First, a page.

In a week that witnessed more withdrawals from it than bank customers at an ATM (please don’t sue me), Rafael Nadal and Roger Federer must be wondering how it would have been better to be on the withdrawal bandwagon rather than suffering rare and embarrassing defeats.
First was world number five Nadal, brimming with a champion’s confidence having just won his favourite Grand Slam, the French Open, a record eighth time on the back of losing just two matches since making a return from a long term knee injury, fell to a player ranked 130 places below him at that point… worse still, in straight sets.
Steve Darcis’ shock 7-6 (7-4) 7-6 (10-8) 6-4 win in the first round paved way for an equally shocking defeat in the second round as world number two Roger Federer, after winning the first set, ended up losing 6-7 (5-7) 7-6 (7-5) 7-5 7-6 to 116th ranked Sergiy Stakhovsky.
And to make their losses as frustrating as humanly possible, Darcis withdrew from Wimbledon with a shoulder problem (side effects of beating a hard hitter like Nadal) while Stakhovsky, in the very next round after beating Federer, lost 6-2 2-6 7-5 6-3 to Jurgen Melzer. Would Melzer have beaten Federer? We’ll never know.
The shock losses spilled into the women’s section with third seed Maria Sharapova losing in straight sets of 6-3 6-4 to Michelle Larcher De Brito while French Open semifinalist Sara Errani was bundled out earlier in the first round.
Those shock exits, coupled with the withdrawals of Jo Wilfred Tsonga (who was down two sets to one when he did, go figure), Marin Cilic, Radek Stepanek and John Isner in the male section as well as Viktoria Azarenka in the female means that – much as they would want you to believe otherwise – the path to the final is much less perilous than originally would have been (at least on paper) for top seeds Novak Djokovic and Serena Williams as well as Britain’s shining hope Andy Murray… maybe David Ferrer too.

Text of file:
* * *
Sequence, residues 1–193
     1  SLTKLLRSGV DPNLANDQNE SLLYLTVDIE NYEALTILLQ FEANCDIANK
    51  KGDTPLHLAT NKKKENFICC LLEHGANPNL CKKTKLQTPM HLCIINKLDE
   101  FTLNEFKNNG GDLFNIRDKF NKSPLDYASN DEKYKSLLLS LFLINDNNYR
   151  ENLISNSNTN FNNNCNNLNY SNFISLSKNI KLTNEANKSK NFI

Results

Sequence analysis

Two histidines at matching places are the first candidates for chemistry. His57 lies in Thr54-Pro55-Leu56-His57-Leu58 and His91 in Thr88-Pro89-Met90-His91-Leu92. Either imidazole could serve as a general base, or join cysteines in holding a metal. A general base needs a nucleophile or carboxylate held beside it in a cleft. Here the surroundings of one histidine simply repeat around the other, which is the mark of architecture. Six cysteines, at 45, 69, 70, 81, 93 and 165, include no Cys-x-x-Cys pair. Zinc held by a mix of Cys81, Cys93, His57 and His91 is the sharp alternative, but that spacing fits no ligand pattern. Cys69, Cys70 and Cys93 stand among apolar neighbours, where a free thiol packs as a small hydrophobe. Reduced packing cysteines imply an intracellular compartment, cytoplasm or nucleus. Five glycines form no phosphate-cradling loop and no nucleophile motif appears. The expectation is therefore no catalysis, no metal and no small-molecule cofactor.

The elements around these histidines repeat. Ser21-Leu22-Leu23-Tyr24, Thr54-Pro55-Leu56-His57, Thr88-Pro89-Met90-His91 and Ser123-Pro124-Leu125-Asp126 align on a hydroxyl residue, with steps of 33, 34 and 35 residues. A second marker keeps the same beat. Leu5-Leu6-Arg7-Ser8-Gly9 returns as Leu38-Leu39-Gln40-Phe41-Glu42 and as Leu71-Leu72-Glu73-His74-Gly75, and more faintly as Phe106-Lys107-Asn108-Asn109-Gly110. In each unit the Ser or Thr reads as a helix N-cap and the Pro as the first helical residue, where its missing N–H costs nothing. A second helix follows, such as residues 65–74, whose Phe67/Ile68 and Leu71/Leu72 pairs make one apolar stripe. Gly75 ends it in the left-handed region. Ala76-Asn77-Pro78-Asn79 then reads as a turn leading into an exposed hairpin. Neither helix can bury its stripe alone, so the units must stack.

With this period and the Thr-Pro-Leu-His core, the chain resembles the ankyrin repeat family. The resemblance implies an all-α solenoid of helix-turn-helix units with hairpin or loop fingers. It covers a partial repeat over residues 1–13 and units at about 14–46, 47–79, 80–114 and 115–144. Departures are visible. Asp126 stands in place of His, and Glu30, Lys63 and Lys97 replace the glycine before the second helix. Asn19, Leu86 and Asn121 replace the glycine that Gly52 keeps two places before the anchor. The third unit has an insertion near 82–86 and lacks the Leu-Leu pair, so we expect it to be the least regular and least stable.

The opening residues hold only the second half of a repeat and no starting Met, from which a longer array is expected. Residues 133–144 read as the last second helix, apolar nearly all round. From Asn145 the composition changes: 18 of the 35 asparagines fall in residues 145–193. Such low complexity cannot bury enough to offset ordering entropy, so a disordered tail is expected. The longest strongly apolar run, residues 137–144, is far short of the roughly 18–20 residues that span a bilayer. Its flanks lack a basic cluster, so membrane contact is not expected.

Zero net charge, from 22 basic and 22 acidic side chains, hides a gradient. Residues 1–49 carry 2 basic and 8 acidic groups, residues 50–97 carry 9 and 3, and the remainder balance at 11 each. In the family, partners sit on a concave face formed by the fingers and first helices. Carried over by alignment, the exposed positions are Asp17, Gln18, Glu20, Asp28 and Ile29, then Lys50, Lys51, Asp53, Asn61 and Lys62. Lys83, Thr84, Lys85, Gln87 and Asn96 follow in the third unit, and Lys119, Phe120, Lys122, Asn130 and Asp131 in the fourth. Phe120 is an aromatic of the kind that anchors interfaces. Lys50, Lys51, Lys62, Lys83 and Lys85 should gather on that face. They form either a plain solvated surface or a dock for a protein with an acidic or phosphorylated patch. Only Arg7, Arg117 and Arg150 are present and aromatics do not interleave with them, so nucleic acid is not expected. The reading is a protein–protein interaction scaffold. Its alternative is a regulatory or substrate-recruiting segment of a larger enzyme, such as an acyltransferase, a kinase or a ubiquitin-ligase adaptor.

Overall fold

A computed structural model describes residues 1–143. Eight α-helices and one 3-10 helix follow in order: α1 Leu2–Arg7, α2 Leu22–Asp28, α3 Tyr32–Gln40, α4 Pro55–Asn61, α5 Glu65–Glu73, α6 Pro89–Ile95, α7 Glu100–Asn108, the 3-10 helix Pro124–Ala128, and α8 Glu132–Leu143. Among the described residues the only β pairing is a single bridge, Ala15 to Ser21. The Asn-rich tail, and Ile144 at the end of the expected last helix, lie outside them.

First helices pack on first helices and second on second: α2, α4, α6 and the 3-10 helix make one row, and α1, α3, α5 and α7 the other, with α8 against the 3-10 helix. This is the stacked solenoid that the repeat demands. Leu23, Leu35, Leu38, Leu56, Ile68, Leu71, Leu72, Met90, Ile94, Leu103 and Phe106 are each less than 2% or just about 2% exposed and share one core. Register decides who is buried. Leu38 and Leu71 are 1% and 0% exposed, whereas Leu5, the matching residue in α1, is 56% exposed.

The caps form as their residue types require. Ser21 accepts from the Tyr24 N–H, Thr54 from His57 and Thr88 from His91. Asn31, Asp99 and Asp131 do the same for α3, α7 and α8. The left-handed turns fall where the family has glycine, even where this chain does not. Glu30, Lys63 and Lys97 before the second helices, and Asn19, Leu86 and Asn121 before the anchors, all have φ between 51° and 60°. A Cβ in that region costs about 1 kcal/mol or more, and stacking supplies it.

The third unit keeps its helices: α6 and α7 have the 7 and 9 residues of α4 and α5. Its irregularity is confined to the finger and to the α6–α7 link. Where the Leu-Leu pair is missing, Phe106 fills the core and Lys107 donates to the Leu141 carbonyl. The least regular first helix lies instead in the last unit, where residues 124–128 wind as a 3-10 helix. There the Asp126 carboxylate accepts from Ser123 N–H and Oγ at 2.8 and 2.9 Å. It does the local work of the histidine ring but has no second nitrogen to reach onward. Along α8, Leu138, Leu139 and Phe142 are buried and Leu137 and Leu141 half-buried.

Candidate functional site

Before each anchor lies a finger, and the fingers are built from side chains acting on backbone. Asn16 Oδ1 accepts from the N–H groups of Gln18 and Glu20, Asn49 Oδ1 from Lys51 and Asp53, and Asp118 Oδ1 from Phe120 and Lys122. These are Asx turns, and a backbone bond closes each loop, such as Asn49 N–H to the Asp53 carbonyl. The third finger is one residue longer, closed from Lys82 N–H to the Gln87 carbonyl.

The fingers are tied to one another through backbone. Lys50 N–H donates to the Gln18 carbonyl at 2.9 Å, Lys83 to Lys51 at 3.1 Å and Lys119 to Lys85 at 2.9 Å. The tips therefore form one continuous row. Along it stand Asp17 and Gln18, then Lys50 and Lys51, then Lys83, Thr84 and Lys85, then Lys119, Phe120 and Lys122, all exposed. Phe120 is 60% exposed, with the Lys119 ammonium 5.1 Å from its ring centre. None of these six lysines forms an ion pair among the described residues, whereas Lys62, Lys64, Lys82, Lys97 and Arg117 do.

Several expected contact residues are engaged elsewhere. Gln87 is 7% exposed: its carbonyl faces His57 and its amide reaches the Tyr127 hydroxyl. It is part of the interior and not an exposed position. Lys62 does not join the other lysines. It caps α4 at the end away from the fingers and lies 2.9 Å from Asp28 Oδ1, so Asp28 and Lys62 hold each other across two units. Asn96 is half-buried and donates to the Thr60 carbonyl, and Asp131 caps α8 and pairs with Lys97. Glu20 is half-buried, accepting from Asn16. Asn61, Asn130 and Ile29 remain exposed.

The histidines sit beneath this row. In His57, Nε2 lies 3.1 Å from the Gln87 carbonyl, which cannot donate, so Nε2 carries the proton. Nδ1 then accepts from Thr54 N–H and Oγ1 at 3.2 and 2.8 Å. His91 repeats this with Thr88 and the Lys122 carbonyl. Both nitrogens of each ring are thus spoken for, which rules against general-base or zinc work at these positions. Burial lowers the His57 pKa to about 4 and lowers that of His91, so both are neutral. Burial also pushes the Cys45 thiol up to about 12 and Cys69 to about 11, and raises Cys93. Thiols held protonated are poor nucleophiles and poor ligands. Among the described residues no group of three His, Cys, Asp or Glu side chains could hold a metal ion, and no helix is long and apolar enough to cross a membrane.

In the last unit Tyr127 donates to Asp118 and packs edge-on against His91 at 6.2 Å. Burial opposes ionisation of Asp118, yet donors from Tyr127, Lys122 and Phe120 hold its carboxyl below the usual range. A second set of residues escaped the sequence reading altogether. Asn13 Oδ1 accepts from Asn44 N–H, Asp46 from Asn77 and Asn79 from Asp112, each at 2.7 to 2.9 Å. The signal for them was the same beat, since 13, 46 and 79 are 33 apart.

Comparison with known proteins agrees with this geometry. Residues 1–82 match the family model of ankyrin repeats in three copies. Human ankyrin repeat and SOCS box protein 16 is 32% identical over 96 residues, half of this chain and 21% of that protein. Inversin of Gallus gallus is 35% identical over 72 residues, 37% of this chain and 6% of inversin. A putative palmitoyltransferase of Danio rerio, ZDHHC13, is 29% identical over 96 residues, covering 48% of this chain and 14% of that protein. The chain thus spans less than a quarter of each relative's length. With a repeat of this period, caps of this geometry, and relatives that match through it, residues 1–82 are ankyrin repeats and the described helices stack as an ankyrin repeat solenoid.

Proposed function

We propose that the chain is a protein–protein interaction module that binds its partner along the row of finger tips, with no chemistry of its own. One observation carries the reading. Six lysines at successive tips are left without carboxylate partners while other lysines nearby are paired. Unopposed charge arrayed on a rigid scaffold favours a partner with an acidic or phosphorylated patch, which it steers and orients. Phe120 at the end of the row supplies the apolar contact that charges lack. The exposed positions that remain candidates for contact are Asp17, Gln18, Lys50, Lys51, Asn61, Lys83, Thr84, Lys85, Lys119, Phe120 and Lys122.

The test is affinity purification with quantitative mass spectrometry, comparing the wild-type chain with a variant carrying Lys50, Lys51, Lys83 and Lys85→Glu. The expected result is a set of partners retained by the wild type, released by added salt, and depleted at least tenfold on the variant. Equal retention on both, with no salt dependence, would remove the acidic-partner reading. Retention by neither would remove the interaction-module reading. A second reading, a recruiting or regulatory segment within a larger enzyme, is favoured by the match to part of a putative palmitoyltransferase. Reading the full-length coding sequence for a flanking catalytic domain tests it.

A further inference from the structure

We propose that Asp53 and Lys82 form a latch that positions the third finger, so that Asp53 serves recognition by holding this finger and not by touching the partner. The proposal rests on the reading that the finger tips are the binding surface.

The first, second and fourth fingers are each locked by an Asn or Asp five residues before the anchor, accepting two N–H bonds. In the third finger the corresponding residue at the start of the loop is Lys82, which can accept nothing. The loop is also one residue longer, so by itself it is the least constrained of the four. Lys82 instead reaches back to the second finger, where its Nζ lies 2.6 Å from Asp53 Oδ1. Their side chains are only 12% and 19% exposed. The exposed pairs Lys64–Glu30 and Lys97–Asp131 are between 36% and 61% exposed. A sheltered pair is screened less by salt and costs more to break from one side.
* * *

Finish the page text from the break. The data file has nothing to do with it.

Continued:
As to claims that the playing surface is to blame for the diluge of withdrawals, organisers of the third slam on the calendar stated “The factual evidence, which is independently checked, is that the courts are almost identical to last year, as dry and firm as they should be, and we expect them to continue to play to their usual high quality”. Simply put, ‘quit whining and get on with it’.
So we move on from the grass surface of SW19 to the grass at Brazil where Spain will face the host nation in the final of the FIFA Confederations Cup after edging out the Italians 7-6 on (well taken) penalties following a goalless 120 mnutes; much better than last time both met at the final of the Euros last year where the Spaniards ran out 4-0 winners.
This final, which is the very fixture anticipated by all from the start of the Confederations Cup, will be a major test of how good or otherwise the Brazilian team is ahead of next summer’s World Cup just as it would inevitably serve as a stage to see what Neymar can pull off against pretty much the players he will play with and against when La Liga kicks off for the 2013/14 season.
As for Spain, it’s a chance to fare much better than the third place finish they managed at the last Confederations Cup in South Africa as well as extend an unbeaten run of matches that has been since November 2011 when England beat them in a friendly.
Spanish fans will also be looking out for their U20 national side vying for the World Youth Championship in Turkey, having just made the first knockout round there by finishing top of Group A with nine maximum points ahead of France, Ghana (who have a slim chance of qualifying as one of the best third placed countries) and the United States.
Nigeria’s Flying Eagles are also through to the knockout round after finishing Group B in second place with six points, a point behind Portugal, after beating South Korea by a lone goal in their final group match on Thursday. And as it stands, Nigeria may well be the only African nation left competing after the final round of group matches in Groups E and F are played later today.